Richard Dawkins Has Had A Change of Mind!

One of the traits of New Atheists was that in light of the 9/11 murders they expressed a measured anger at religion, especially Dawkins. In February 2002, four years before The God Delusion was released in 2006, Dawkins called atheists to "arms" in a TED talk. Seen here, which as of this date has had 2,131,473 views! (Talk about star power, wow!). His talk was first posted on TED in April of 2007. He made it clear that he wanted a campaign much like the gays used to gain acceptability in American society. His final sentence was, "let's all stop being so damned respectful." This strategy has worked. He's been pretty consistent about it too, even refusing to debate William Lane Craig, for doing so would gain his creationist views more respectability than they deserve. And even though I have produced works that treat Christianity respectfully in order to effectively critique it, so far he has not recommended them. I wished he had done so but it would be recommending works that do what he advised against. Well, there is a small change in the air.

Dawkins has recommend two recently published atheist books that treat religious faith respectfully.

The first one is Russell Blackford and Udo Schüklenk's excellent book, 50 Great Myths About Atheism.
Of it Dawkins says:
It has been my lot to have encountered all but three of the 50 Great Myths about Atheism listed by Blackford and Schüklenk, most of them many times. It is useful to have them all listed in one book – and so readably and authoritatively refuted. The long final chapter treats theological arguments with more respect than I would have bothered with, but the refutation is all the more convincing for that. The whole book builds inexorably to its conclusion: the Reasonableness of Atheism.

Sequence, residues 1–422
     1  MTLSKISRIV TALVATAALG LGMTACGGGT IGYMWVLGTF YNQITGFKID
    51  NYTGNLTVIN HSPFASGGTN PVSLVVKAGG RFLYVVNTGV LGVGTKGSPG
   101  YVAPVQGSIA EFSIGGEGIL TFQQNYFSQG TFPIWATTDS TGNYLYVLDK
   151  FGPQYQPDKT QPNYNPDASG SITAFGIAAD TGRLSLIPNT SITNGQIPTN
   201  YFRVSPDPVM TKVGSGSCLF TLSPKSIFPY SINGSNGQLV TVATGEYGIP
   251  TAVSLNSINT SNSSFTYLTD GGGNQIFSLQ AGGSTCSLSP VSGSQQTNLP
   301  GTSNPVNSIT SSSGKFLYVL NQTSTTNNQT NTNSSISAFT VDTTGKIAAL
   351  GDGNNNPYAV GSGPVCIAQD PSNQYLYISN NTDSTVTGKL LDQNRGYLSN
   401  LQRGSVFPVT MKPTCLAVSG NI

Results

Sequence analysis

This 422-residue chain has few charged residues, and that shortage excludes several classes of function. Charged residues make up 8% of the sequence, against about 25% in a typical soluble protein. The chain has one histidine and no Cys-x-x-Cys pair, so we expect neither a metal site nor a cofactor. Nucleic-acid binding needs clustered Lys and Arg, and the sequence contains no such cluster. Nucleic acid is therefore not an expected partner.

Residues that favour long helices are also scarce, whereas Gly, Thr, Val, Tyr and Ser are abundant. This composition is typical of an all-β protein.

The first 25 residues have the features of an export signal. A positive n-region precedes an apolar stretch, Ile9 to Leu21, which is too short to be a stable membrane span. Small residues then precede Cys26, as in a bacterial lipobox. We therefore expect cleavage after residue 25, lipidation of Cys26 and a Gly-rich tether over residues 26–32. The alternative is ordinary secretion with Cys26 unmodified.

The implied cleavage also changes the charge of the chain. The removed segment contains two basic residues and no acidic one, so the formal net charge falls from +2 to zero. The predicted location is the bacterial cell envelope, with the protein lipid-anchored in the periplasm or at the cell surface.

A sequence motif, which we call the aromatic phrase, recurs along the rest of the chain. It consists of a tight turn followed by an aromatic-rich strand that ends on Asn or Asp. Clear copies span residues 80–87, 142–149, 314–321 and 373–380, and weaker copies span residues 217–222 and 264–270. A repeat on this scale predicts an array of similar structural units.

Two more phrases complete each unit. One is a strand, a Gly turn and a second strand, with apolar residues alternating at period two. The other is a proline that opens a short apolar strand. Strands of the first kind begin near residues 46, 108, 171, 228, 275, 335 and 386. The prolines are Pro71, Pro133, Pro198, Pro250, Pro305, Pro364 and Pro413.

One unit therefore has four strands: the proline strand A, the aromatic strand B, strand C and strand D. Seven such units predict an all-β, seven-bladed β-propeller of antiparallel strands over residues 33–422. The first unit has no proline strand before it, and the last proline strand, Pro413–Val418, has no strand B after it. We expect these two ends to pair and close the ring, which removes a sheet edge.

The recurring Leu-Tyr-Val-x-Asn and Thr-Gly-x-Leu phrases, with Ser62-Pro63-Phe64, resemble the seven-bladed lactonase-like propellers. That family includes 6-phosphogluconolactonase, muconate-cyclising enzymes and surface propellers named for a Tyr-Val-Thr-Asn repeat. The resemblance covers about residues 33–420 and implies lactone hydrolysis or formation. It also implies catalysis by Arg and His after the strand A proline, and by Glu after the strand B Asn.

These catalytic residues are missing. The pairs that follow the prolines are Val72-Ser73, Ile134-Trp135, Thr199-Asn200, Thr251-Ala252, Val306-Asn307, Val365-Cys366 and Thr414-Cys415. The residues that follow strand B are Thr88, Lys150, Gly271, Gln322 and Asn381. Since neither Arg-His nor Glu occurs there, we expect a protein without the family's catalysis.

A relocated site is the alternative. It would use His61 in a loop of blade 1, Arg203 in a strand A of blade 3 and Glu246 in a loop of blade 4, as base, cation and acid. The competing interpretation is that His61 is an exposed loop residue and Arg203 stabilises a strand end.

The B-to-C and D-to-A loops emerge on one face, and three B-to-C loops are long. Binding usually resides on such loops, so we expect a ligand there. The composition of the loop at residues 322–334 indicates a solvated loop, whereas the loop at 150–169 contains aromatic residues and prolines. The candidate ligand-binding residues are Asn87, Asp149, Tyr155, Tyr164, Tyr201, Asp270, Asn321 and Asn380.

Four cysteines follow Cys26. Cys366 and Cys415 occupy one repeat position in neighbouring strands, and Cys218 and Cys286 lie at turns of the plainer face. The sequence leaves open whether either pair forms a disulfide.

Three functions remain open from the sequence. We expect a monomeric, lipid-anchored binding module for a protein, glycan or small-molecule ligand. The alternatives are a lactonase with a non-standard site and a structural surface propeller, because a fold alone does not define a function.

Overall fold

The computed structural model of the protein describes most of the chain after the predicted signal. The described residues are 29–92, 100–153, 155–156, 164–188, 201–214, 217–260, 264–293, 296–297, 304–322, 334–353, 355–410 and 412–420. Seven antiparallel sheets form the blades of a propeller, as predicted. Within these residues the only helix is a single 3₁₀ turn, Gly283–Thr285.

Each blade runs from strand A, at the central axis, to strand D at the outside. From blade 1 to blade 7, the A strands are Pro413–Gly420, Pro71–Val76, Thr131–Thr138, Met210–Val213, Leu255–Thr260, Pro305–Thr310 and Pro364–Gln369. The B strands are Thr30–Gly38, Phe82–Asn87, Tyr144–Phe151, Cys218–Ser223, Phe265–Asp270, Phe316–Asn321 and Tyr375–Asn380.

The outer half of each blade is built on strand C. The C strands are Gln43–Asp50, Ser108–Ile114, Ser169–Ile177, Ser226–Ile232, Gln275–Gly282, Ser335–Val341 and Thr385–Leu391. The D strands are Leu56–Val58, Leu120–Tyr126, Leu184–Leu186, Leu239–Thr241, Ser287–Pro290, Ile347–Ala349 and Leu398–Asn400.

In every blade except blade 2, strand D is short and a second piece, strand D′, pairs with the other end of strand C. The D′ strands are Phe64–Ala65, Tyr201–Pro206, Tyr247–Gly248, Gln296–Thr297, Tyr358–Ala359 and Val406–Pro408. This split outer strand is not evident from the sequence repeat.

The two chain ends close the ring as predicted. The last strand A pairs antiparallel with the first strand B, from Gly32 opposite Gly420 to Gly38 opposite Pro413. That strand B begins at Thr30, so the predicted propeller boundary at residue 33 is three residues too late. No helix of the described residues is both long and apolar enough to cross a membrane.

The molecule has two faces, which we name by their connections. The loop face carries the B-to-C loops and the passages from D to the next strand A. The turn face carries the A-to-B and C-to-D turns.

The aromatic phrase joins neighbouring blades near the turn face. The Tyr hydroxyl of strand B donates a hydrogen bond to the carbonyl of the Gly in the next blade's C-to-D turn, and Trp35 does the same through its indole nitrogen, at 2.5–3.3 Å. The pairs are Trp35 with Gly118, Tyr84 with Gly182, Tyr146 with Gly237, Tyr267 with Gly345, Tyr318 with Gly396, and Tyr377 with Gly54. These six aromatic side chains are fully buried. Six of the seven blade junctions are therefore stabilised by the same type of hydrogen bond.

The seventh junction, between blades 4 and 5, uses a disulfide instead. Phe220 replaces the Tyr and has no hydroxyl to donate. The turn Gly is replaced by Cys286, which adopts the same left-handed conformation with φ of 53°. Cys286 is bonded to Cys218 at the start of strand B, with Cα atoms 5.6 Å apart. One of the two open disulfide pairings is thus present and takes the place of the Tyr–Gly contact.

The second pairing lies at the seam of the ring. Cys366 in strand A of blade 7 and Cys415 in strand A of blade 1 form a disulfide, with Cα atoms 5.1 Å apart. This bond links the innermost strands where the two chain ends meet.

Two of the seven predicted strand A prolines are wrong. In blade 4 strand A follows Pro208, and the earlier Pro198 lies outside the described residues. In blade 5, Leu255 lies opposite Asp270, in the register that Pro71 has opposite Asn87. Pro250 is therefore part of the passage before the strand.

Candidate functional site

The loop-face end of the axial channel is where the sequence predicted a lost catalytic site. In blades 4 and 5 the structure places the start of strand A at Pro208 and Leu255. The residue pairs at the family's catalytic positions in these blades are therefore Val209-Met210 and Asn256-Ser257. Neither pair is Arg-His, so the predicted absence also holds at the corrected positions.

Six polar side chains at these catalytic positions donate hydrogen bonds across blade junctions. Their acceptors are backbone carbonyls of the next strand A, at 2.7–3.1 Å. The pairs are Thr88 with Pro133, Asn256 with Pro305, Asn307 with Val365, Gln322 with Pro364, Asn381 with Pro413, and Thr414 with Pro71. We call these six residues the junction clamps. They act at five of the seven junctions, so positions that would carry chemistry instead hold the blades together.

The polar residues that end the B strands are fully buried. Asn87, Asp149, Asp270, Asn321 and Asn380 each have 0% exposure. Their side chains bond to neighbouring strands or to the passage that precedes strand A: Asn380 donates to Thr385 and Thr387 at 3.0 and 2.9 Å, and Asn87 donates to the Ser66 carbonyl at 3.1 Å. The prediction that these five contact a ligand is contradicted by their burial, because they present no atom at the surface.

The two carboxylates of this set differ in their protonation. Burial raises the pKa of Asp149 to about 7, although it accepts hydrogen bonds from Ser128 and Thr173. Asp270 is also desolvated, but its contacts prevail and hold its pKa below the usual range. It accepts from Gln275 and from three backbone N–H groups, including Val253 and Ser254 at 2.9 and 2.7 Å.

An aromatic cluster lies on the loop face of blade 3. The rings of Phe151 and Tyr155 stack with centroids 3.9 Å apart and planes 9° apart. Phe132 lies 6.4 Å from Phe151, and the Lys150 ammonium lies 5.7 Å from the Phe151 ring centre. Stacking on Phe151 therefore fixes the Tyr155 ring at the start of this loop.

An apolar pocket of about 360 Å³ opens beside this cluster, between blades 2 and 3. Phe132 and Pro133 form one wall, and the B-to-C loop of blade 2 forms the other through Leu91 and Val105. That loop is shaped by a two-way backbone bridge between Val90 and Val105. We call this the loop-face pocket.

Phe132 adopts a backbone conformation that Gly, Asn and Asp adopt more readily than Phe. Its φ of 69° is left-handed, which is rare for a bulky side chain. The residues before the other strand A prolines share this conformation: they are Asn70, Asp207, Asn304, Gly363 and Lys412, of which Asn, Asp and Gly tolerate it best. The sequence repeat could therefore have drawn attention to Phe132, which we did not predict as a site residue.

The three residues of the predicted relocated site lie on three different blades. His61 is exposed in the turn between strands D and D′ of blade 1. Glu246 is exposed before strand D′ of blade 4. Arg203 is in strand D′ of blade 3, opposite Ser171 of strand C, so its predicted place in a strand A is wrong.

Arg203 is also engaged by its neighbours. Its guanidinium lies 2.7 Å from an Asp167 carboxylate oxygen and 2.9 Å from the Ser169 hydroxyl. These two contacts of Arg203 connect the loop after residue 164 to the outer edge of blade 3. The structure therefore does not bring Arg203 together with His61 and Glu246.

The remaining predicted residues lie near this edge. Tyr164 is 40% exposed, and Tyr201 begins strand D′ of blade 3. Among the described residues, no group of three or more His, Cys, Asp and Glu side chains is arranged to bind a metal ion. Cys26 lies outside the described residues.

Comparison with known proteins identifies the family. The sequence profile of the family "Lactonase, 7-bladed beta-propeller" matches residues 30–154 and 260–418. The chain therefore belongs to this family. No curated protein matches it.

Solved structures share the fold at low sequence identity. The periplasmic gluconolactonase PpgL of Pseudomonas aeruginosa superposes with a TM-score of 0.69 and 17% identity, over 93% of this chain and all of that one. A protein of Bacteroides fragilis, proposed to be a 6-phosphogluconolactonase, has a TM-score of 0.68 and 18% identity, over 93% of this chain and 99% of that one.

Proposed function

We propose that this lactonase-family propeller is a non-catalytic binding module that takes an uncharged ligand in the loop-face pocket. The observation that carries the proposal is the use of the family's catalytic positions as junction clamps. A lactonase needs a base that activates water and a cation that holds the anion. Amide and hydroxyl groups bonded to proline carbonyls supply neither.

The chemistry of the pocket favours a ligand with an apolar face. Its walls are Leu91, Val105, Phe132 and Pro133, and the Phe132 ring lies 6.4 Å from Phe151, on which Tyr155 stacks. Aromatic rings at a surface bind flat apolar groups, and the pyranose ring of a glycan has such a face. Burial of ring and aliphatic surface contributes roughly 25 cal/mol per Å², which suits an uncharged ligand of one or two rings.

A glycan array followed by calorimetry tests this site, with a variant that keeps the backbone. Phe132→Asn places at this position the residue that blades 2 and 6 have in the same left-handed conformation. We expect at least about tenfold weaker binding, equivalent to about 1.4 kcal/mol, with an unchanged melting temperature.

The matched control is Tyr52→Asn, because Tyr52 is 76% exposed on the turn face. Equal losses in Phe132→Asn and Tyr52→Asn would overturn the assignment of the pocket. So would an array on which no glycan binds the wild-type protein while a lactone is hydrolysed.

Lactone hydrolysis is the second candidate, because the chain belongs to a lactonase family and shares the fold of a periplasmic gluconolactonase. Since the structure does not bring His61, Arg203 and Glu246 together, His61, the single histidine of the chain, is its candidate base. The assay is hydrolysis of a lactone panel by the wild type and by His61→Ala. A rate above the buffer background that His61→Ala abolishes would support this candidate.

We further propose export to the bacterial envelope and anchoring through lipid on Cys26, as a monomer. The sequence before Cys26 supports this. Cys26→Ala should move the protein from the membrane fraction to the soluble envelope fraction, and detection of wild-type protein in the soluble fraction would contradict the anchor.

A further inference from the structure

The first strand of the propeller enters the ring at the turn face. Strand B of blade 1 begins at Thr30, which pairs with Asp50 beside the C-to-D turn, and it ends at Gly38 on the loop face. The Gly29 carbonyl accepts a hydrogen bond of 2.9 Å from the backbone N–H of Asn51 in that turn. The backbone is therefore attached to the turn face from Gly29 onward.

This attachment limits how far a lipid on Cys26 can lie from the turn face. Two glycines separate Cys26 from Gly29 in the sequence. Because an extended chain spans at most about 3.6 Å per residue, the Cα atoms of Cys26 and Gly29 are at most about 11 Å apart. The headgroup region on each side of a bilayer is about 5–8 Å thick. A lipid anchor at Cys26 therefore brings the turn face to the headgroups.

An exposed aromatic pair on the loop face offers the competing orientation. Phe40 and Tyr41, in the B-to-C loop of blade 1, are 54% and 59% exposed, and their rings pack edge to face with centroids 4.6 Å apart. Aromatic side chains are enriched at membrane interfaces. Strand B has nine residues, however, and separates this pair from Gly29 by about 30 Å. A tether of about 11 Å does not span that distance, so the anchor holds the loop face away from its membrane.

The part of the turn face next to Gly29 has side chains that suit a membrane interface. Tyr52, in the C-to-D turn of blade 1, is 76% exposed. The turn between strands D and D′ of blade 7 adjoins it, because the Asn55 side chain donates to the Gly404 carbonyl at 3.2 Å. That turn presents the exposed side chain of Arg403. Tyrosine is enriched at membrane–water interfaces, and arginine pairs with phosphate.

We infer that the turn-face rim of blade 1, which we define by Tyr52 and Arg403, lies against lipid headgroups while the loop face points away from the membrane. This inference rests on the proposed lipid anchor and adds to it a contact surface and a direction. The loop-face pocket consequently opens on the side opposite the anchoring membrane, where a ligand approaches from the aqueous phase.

In that long final chapter Blackford and Schüklenk end it by recommending just two books, mine. See here. That's pretty cool. It's been a long time coming for me.

The second one is Peter Boghossian's brilliant book, A Manual for Creating Atheists, which is taking the world by storm.Boghossian is emphatic that in order to produce an "intervention" in the lives of believers who are infected with the faith virus, we should treat the "host" of the faith virus with respect.

Of it Dawkins says:
Peter Boghossian's techniques of friendly persuasion are not mine, and maybe I'd be more effective if they were. They are undoubtedly very persuasive--and very much needed.
In Boghossian's book he recommends my work quite a few times. My blurb for it is the first one you'll read inside the front cover, and he has repeatedly said my work was important for his, even calling my book, The Outsider Test for Faith, a "masterpiece."

All I ever wanted from Dawkins, or any other high profile atheist, was that kind of recommendation, something like, "This isn't how I would treat religion but it looks like it's a very helpful book." In a backhanded way he's now recommending my work. I'm very grateful.